CORNWALL, Ontario – Mya Jackson is just like any other Cornwall five-year-old – with one major difference.
She bounces around the living room, moving from Ipad to television with lightning-like speed and soaking up all the fun of an occasion like Halloween.
But unlike the balance of her five-year-old friends, Mya has a date with a brain surgeon in a few weeks to remove a massive brain tumour that has attached itself to her frontal lobe.
Her condition is part of a rare disease known as NF2 – an inherited ailment that leads to the formation of tumours in the brain and parts of the nervous system.
She has other tumours near her ear, and on her spine, but the one attacking her brain is of special significance.
“In the space of three months it grew 50 per cent,” said her mother Tanya Lamarche. “It has to come out between now and Christmas.”
Little Mya, due to her age and because Lamarche wants to spare her daughter the worry by explaining the specifics of the procedure, doesn’t fully comprehend what’s in store for her.
“I just haven’t had the heart to tell her,” said Lamarche. “She knows she has a bo-bo in her head.”
The surgery comes with some significant pitfalls and risks. Mya will lose her sense of smell and taste and her vision and hearing could be impacted as well.
But perhaps most compelling is that the surgery could result in some personality changes too.
“That was the hardest part,” said Lamarche. “You don’t know what you’re going to get afterwards.”
The tumours are not cancerous, but their growth creates problems, especially in confined places like the human skull. The growth of Mya’s tumour is leading to fluid buildup and other complications.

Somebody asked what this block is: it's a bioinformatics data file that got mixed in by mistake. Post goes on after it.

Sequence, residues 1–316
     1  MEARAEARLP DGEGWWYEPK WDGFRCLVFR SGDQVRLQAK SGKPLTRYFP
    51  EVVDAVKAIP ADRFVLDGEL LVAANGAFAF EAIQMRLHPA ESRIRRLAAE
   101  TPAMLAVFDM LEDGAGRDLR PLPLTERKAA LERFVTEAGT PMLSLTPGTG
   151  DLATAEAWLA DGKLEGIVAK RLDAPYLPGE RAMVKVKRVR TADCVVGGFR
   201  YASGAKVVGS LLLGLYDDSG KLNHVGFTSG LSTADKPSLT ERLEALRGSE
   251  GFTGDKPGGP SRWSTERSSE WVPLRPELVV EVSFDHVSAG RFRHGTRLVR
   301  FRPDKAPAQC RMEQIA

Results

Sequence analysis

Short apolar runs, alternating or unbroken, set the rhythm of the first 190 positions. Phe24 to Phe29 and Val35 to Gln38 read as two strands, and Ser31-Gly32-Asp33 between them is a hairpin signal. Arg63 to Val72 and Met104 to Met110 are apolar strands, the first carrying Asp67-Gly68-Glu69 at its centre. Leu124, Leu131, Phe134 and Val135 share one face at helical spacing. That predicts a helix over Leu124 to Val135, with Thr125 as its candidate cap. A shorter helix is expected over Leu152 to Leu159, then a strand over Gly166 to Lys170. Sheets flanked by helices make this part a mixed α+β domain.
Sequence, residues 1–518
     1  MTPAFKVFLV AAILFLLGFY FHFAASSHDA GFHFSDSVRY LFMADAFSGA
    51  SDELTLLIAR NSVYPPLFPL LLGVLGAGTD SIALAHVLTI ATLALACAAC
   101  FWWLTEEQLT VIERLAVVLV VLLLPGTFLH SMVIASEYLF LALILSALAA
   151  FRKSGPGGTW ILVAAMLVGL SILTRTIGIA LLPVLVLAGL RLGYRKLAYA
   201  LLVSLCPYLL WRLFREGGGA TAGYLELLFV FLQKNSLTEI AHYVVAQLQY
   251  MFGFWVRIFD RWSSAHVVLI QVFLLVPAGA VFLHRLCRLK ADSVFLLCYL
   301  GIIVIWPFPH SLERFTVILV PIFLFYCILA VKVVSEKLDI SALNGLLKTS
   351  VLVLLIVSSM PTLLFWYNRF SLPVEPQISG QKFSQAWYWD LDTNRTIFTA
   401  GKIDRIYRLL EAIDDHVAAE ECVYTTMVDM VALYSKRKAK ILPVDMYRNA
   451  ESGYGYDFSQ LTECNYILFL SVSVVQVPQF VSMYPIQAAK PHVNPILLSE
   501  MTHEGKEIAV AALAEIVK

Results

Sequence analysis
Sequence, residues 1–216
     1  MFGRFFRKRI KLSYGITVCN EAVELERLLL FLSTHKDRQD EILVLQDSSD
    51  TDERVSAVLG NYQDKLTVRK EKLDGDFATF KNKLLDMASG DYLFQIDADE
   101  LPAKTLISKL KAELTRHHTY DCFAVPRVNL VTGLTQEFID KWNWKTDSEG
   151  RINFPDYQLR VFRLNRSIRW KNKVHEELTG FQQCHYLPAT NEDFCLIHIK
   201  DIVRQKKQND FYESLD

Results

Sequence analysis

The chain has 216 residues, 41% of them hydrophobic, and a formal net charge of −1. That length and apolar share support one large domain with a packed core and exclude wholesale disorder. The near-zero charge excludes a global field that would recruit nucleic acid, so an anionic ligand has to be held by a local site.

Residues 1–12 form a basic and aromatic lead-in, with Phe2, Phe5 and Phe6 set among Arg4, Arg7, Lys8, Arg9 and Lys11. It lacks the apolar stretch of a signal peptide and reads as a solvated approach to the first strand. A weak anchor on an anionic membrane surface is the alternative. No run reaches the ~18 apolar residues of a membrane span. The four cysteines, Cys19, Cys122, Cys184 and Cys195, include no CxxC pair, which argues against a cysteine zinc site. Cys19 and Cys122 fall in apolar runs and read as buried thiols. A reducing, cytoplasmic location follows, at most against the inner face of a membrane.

Lamarche is waiting for an upcoming doctor’s appointment to determine when Mya’s surgery will take place and what kind of procedure will be done. It’s most likely doctors will open her skull to remove the tumour – but there’s also a possibility that they could go in through her nose.
Lamarche is understandably stressed.
“Really you don’t expect it to be you,” she said. “You think it’s going to be in another person’s family.”
She added the rare occurrences of NF2 have led to quizzical looks from the small number of people who know Mya is sick, and even some doctors have been confused by her condition.
“I don’t even think the people who live around here,” she said, gesturing to the neighbourhood from her Briarhill home, “know that Mya has this.
“No one knows what it is.”
Lamarche has taken a leave of absence from work, in part due to stress but also to prepare for the looming surgery.
A fundraiser is being planned for the family, with details to come soon.
In the meantime, Lamarche and Mya are preparing as best they can.
“She is just so happy and loves life,” said Lamarche.
A Facebook page for Mya has been created and can be found here. Lamarche can also be reached at firstname.lastname@example.org.